*I’m reviewing a single cask, single malt this week and as always, this means limited availability so obviously it may no longer be possible to pick this bottle up. However, hopefully it still proves useful by drawing your attention not just to the output of this particular distillery, but also to the bottler, who’s releases are well worth exploring.
Much like Talisker on the isle of Skye, Clynelish Distillery has it’s roots in a dark period of Scotland’s history known as the ‘Highland Clearances’. The Duke and Duchess of Sutherland evicted much of the local population of crofters to make way for more profitable uses of their land. As well as sheep farming, the Duke established several new businesses in and around the town of Brora – one of which was Clynelish Distillery.
Clynelish was expanded in 1968 and a new site built opposite the original. This new distillery took the Clynelish name while the original was renamed Brora and continued to operate until 1983. Since then, whisky from Brora Distillery has grown a cult following amongst connoisseurs and can change hands for thousands of pounds. Clynelish meanwhile continues to operate today, with two core releases bottled by owners, Diageo – a 14 year old and a Distiller’s Edition.
Such is the character of the Clynelish spirit that it has always been popular with blenders and many casks seem to end up in the hands of independent bottlers. The bottle I’m going to review this week was released by Berry Brothers and Rudd – the oldest Wine and Spirit’s Merchant in the UK.
Berry Bros & Rudd has operated from it’s flagship store in St. James Street, London since 1698. It holds two royal warrants and can count Lord Byron and William Pitt the Younger amongst it’s past customers. In 1923 they created well known blended whisky ‘Cutty Sark’ which they later sold to Edrington, obtaining the Glenrothes Single Malt brand in return. They also continue to release a series of excellent single cask, single malts and single grain whiskies from a variety of distilleries – including the afore-mentioned Clynelish.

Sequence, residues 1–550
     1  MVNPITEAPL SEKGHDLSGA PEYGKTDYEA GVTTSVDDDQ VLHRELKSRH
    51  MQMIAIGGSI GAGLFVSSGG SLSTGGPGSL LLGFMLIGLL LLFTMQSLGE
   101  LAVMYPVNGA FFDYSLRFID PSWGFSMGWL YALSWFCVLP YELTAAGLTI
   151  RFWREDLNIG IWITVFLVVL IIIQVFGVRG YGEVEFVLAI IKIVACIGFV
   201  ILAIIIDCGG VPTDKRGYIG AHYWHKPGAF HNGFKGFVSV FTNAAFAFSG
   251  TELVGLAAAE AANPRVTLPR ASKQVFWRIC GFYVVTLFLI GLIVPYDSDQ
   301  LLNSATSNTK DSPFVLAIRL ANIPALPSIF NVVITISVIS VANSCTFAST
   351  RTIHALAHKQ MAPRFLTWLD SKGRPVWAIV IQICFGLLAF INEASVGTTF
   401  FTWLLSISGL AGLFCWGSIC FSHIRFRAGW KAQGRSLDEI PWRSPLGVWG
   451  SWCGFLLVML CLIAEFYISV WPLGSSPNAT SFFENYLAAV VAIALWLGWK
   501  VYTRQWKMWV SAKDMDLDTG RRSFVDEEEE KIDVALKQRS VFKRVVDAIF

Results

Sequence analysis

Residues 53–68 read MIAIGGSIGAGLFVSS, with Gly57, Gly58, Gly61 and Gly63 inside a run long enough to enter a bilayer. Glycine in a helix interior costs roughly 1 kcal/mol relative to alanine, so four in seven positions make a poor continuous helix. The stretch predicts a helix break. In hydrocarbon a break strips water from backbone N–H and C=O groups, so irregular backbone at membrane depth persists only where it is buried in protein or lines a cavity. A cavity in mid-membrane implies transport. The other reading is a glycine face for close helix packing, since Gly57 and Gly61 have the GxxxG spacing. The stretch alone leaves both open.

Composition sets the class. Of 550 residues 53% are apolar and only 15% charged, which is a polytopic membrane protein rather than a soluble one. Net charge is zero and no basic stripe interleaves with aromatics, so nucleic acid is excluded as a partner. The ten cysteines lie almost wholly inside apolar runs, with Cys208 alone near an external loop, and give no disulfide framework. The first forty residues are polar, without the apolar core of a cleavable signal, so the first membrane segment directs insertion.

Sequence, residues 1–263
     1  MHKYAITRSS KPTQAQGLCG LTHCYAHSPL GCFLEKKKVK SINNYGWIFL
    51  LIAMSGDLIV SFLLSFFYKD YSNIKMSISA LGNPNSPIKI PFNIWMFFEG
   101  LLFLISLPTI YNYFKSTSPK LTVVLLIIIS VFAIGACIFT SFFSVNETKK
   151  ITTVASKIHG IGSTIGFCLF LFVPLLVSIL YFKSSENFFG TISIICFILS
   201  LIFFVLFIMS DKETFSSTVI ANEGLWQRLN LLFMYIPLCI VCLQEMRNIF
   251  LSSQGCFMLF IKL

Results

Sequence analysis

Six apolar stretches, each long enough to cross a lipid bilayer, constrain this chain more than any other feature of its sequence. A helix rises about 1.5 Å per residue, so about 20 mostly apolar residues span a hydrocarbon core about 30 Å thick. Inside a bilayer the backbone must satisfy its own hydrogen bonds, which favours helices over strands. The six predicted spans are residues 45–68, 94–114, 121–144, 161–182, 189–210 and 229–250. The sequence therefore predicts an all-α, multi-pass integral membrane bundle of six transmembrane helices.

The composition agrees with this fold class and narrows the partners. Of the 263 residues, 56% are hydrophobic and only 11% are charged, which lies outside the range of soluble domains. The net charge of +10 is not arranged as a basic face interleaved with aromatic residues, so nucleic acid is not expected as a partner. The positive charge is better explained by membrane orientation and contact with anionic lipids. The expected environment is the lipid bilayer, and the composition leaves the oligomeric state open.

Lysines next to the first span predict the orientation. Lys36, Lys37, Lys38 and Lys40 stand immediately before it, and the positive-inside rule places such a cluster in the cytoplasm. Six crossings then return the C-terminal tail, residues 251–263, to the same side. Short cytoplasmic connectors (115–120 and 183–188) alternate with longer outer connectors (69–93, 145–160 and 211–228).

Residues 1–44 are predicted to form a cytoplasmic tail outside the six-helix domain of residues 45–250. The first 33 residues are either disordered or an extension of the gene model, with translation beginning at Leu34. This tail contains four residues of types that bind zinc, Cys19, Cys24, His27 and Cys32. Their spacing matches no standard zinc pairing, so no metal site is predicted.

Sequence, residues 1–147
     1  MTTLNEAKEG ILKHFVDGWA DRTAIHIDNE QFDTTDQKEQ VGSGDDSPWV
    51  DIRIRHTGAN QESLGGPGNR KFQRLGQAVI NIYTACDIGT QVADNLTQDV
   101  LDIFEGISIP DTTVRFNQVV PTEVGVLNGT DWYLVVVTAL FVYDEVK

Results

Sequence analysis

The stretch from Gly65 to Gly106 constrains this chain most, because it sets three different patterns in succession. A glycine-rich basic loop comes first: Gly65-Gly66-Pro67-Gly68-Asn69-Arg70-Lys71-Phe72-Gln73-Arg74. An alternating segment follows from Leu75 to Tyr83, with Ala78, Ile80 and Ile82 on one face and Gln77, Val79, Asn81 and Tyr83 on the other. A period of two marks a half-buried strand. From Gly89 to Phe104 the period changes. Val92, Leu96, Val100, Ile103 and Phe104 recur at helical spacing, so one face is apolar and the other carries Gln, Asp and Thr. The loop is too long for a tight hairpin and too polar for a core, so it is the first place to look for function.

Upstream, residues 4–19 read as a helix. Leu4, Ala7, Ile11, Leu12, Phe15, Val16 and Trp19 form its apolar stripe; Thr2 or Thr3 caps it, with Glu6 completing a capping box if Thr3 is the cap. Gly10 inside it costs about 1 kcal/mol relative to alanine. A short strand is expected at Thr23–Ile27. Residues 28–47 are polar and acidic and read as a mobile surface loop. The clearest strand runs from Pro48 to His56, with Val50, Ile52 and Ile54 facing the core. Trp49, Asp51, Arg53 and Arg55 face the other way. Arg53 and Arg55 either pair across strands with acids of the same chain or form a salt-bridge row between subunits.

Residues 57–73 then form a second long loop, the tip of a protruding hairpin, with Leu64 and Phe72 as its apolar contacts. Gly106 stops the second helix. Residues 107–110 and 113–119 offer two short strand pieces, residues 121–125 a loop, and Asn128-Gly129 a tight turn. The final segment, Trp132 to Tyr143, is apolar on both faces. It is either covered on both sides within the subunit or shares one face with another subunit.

The bottle I’m reviewing is actually the second Clynelish bottled by Berry Bros & Rudd that I have owned. The first was from Cask Number 6470 but this particular bottle is from Cask Number 6871. It was distilled in 1997 and bottled in 2014 making it 16 years old. It’s bottled at a hefty Cask Strength of 55.5% ABV and there’s been no chill filtering or colour added.
So without any further waffling let’s talk about the whisky itself… On the nose there’s Vanilla, Honey, Fresh Orange, Lemon and Barley but then there’s also Candlewax and Bonfire Smoke and Sea Breeze. The flavour is Salty and Briney with Creamy Vanilla and White Pepper and Honey with subtle wafts of Earthy Peat Smoke meandering through.
The Scores: About the Scoring System…
Smell: 17.5 / 20. Very distinctive, characterful whisky.
Taste: 18.5 / 20. I always enjoy Clynelish, and this is no exception. Big flavour and a great mouth feel, smoke but not too much.
Value for Money: 8.5 / 10. Came in around the £60 mark – not a lot to pay for a reasonably mature single malt of this character and quality – bottled at cask strength and without chill filtering.
Overall: 44.5 / 50. In many ways it’s a great example of how to do the simple things well. Good quality spirit matured in a decent bourbon cask for a good amount of time and naturally presented. Great stuff – and exactly what I’ve come to expect from Berry’s.